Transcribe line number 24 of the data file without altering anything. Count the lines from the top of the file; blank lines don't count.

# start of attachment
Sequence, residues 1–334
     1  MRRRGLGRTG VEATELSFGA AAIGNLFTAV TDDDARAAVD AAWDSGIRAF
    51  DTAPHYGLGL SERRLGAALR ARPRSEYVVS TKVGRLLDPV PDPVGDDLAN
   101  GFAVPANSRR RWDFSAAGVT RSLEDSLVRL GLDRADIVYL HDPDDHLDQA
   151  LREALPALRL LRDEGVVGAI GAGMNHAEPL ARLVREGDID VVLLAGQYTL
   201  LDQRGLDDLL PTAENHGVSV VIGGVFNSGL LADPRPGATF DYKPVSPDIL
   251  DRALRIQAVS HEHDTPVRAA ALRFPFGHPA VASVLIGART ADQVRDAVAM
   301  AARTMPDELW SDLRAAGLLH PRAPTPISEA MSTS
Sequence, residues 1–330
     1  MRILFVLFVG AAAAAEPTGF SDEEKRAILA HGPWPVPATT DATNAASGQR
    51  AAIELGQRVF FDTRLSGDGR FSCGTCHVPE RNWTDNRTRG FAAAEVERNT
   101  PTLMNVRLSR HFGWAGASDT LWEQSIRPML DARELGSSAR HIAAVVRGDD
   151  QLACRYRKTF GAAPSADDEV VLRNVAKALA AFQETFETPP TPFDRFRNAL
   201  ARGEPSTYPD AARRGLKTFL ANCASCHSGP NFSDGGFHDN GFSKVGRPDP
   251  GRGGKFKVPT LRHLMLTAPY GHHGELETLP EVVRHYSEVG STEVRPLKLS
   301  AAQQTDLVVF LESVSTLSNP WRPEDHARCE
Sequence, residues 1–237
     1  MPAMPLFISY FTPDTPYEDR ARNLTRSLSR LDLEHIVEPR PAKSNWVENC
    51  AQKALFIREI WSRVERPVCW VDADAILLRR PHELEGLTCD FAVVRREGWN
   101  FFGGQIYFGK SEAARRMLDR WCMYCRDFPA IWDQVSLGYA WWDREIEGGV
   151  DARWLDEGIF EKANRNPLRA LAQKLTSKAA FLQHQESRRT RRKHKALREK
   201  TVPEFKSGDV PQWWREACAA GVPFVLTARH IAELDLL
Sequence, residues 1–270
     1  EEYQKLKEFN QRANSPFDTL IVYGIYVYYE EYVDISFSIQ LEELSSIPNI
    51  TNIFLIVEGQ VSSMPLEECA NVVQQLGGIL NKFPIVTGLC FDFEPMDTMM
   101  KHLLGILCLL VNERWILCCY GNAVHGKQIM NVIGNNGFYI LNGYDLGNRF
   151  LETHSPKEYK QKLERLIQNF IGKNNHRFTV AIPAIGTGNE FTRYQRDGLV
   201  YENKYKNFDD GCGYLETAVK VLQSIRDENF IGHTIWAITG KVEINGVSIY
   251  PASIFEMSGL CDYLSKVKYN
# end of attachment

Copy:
     1  EEYQKLKEFN QRANSPFDTL IVYGIYVYYE EYVDISFSIQ LEELSSIPNI